Tag Archives: J.k. Rowling

The Cuckoo’s Calling by Robert Galbraith (aka J.K. Rowling)

I read a good book the other day #9

Image: The Cuckoo's Calling book jacket.J.K. took a beating… but not from me!

Detective mystery with a difference. JK took a beating from some critics when she switched from Harry Potter to adult mystery. Well, not from me. I thoroughly enjoyed this crime/mystery/ ever so nearly a romance. Took me a few chapters to understand the characters but then couldn’t put it down.

Galbraith’s detective, Cormoran Strike, is a new type in the genre. Neither cosy nor hard boiled, he is a hard man, army trained, but hampered by a peg leg (UK expression, mostly obsolete. He has a prosthesis), but as a PI working in the UK he cannot carry a gun. Strike is estranged from his long-time fashion model/society girlfriend, and he has an assistant, Robin, which allows Galbraith to inject a thread of romantic suspense. All the way through I was thinking, Will Strike and Robin get together? They don’t, in this book, but there are hints. It’s my guess Galbraith/Rowling will keep us on the hook with this strand through at least the next and maybe several more instalments in the series.

The strange name, Cormoran, is BTW the name of a mythical Cornish giant, as Galbraith reveals in the next book, The Silkworm. The aptness of the mysterious title, The Cuckoo’s Calling, does come out in the book, but I’ll leave you to discover the explanation for yourself. 5/5 stars from me. Good stuff.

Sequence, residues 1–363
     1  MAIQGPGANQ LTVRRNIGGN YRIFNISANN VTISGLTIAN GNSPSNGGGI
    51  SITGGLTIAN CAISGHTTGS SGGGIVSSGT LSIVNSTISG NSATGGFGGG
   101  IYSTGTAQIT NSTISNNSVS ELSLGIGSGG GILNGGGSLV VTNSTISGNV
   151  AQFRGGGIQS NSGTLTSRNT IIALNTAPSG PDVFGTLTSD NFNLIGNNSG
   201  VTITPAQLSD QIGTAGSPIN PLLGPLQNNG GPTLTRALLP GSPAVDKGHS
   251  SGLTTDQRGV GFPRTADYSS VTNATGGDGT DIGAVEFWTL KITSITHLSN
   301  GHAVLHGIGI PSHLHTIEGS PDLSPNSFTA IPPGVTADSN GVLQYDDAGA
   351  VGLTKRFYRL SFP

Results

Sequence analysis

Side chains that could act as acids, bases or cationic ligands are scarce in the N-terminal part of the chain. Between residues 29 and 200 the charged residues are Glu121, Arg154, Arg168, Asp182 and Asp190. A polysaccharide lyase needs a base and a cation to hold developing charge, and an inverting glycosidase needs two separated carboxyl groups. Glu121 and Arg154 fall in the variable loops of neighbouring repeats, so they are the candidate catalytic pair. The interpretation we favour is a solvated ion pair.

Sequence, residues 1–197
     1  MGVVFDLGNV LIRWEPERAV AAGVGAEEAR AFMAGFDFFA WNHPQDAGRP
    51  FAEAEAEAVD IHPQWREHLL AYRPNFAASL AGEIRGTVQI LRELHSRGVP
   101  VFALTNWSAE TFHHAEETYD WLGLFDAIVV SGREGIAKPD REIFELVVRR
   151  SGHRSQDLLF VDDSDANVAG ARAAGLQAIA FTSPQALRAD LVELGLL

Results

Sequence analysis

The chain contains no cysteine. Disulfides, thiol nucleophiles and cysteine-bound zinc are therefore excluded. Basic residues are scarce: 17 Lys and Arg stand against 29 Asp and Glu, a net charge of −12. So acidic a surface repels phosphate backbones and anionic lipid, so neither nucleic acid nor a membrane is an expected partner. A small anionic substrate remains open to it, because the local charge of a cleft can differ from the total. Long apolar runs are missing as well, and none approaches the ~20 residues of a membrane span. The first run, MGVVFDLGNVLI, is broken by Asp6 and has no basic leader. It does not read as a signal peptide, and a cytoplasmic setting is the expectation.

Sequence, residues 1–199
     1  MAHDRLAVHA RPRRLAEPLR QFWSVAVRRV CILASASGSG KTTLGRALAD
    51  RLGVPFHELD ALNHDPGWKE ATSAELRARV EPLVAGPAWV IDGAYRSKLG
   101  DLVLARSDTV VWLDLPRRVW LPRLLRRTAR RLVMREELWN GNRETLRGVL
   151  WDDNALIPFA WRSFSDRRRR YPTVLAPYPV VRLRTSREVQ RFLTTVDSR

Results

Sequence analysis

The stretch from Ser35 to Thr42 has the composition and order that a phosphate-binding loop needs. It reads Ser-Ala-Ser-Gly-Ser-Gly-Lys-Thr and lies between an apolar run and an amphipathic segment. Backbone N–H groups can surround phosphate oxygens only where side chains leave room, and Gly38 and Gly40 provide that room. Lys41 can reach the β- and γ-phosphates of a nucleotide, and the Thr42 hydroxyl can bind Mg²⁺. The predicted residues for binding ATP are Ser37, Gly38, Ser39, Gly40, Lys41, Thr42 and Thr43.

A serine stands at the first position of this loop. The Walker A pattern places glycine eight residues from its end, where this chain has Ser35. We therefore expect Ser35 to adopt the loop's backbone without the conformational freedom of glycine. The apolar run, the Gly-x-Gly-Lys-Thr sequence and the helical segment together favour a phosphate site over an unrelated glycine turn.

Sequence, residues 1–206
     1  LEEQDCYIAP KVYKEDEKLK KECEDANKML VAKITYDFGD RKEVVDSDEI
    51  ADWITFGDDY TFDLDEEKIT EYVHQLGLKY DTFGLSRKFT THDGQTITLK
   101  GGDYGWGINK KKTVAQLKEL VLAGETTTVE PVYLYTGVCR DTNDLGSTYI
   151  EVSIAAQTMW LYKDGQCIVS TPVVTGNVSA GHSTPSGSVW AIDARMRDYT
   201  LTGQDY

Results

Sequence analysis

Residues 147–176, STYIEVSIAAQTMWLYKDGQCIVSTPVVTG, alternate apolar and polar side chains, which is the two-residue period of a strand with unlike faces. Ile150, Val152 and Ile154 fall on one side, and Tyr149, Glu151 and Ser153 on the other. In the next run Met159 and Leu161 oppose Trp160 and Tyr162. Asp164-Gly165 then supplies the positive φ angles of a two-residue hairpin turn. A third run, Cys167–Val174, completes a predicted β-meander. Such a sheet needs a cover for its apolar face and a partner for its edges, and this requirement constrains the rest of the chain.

The Casual Vacancy by J.K. Rowling

I read a good book the other day #6

NB: Watch out for the TV adaptation starting Sunday 15th February 2015 in the UK.
Image: book jacket

Click the image to go to Amazon UK

A tale of corruption in local government with all the shenanigans we see or suspect of our local councillors every day (well, I do, anyway). One side of the argument in the Parish council want to close a drug rehab building that they feel attracts undesirables to the town. The other side, the local doctor and other worthies, side with the undesirables.

Everyone has something to hide. Nobody is innocent. Very few deserve better than they get, but J.K’s portrayal of one character in particular, a damaged teenage girl coping valiantly with life in a sink estate battered from all sides by drug pushers and the sort of mother nobody should be afflicted with (and yet, you can see it’s not all her fault either…), is sympathetic, tragic and very true-to-life.

Read The Casual Vacancy for a better and more profound understanding of what some folks have to put up with in the real world. Well observed, J.K., with some very cutting and insightful lines that certainly made me sit up and think twice. 5/5 stars. I thought it was brill. I hope the UK TV adaptation does it justice.

 

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